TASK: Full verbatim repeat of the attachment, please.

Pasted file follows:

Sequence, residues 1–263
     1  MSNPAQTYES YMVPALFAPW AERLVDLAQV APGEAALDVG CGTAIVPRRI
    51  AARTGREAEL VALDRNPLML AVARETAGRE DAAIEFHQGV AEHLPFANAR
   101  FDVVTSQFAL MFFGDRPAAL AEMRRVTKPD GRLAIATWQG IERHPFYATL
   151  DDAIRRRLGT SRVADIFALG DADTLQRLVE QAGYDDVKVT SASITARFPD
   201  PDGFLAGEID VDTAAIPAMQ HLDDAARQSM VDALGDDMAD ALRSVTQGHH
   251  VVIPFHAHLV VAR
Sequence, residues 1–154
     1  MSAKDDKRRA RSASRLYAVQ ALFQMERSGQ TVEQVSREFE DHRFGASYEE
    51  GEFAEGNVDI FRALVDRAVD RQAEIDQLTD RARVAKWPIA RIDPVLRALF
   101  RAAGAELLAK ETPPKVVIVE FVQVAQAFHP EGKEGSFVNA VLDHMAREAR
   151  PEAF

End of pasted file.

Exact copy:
Sequence, residues 1–263
     1  MSNPAQTYES YMVPALFAPW AERLVDLAQV APGEAALDVG CGTAIVPRRI
    51  AARTGREAEL VALDRNPLML AVARETAGRE DAAIEFHQGV AEHLPFANAR
   101  FDVVTSQFAL MFFGDRPAAL AEMRRVTKPD GRLAIATWQG IERHPFYATL
   151  DDAIRRRLGT SRVADIFALG DADTLQRLVE QAGYDDVKVT SASITARFPD
   201  PDGFLAGEID VDTAAIPAMQ HLDDAARQSM VDALGDDMAD ALRSVTQGHH
   251  VVIPFHAHLV VAR
Sequence, residues 1–154
     1  MSAKDDKRRA RSASRLYAVQ ALFQMERSGQ TVEQVSREFE DHRFGASYEE
    51  GEFAEGNVDI FRALVDRAVD RQAEIDQLTD RARVAKWPIA RIDPVLRALF
   101  RAAGAELLAK ETPPKVVIVE FVQVAQAFHP EGKEGSFVNA VLDHMAREAR
   151  PEAF